Older age was also associated with a reduction in the incidence rate of pregnancy and longer time to first pregnancy (IRR=0.89, 95% C.I.: 0.88–0.91). The relative time to pregnancy was 30% longer (RT=1.3, 95% C.I.: 1.12–1.70).

Women with ≥2 sex partners in the past 6 months had a 28% lower pregnancy rate (IRR=0.72, 95% C.I.: 0.53–0.94) and 64% longer time to pregnancy (RT=1.64, 95% C.I.: 1.12–2.40) as compared to women with ≤1 sex partner.

Women with parity ≥3 births conceived the fastest, with relative time to conception 0.14 (95% C.I.: 0.09–0.21) compared to women with no prior births. The relationship between parity and pregnancy was similar when examining incidence rate ratios. Compared to nulliparous women, women with ≥3 prior births had an incidence rate of pregnancy that was more than 12 times higher (IRR=12.64, 95% C.I.: 8.33–19.15).

Figure 1 shows the Kaplan-Meier plot of time to first pregnancy by CD4+ count among HIV-infected women. Women with CD4+ counts ≥350 cells/μl experienced statistically significant faster times to pregnancy compared to women with CD4+ counts <350 cells/μl (log rank p< 0.0073).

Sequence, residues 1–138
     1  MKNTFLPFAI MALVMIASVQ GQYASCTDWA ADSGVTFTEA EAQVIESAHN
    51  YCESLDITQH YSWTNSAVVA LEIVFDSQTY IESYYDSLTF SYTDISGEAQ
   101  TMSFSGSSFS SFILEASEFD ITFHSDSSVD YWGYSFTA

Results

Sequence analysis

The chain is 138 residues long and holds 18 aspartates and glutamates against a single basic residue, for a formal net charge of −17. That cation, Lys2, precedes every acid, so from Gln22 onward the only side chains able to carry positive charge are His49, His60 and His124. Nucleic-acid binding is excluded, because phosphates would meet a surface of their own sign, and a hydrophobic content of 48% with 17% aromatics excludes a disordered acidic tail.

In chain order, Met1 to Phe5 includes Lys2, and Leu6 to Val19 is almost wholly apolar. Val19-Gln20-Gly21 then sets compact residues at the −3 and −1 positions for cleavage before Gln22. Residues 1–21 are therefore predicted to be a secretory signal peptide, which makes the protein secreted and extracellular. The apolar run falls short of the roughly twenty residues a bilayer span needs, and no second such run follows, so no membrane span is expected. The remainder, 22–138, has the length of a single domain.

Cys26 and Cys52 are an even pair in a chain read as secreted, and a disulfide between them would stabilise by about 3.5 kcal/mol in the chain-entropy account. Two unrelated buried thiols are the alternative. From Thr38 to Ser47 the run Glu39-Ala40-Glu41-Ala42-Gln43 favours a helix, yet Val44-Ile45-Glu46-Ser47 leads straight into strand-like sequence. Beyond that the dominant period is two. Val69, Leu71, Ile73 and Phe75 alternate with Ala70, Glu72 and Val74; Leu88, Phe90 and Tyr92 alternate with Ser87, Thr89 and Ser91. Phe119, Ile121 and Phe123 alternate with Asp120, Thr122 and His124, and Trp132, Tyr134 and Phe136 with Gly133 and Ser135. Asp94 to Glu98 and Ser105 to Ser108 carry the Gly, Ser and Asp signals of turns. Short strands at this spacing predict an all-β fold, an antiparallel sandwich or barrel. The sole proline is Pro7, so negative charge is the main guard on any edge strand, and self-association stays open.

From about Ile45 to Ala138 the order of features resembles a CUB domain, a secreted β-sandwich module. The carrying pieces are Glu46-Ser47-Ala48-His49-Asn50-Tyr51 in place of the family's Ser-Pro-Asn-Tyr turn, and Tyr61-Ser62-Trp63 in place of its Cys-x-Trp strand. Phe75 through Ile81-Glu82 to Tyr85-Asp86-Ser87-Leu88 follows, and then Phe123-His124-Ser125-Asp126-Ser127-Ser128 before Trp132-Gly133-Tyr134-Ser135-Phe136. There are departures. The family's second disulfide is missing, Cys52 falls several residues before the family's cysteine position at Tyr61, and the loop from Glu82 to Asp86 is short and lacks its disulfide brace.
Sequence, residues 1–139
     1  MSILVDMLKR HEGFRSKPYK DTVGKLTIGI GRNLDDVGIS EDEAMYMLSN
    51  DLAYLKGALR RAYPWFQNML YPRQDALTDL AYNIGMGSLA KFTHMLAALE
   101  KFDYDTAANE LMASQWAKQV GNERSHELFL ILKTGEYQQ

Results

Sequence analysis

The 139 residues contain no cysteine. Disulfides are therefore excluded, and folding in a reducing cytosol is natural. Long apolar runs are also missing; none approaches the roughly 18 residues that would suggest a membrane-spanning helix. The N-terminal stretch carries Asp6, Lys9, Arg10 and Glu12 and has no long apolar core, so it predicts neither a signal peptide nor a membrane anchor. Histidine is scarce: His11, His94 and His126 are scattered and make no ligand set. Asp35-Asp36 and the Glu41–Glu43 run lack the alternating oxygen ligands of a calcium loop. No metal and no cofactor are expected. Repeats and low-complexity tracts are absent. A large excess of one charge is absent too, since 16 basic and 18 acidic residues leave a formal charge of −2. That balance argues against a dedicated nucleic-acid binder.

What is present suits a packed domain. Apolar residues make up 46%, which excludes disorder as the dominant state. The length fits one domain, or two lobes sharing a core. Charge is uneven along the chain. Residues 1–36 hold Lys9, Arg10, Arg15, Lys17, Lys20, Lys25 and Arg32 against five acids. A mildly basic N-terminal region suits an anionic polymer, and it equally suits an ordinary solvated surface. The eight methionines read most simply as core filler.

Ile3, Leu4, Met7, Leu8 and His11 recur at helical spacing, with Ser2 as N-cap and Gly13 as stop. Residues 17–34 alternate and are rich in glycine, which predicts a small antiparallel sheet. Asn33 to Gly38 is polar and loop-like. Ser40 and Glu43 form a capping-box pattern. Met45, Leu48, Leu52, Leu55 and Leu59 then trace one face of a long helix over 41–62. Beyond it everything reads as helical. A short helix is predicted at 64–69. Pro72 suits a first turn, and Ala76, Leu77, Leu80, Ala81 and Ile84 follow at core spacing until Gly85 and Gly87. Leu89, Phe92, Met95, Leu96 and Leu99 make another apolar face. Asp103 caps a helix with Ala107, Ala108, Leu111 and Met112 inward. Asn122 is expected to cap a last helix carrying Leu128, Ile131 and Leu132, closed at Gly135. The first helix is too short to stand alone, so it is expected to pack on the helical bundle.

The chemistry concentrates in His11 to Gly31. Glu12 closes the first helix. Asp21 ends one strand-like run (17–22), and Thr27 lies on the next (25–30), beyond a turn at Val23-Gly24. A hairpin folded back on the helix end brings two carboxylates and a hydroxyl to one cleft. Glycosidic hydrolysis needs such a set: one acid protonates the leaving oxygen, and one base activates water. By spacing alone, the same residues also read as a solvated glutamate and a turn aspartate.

Figure 1
Time to First Pregnancy for HIV Infected women, 2002 to 2009


HIV-infected women had longer times to conception and a lower incidence rate of pregnancy. Independent predictors of lower pregnancy incidence included HIV infection, increased age, greater number of male sex partners, and lower parity.

Despite reporting lower baseline prevalence of contraception (25% versus 75%; p<0.001), women with ≥2 male sex partners experienced a 28% lower pregnancy incidence than those with <2 partners. This differential in contraception suggests that women with multiple partners may not be protecting themselves against sexually transmitted infections more than women with fewer partners. Reduced pregnancy rates among women with more sexual partners may be the result of these women engaging in sex differently than women with fewer partners, in a way that is not discernable from the data. For example, the definition of “sex” on the WIHS questionnaire includes oral, vaginal and anal sex, while only unprotected vaginal sex is a risk factor for pregnancy [9]. Lack of data describing frequency of sexual intercourse prevents further exploration of this hypothesis.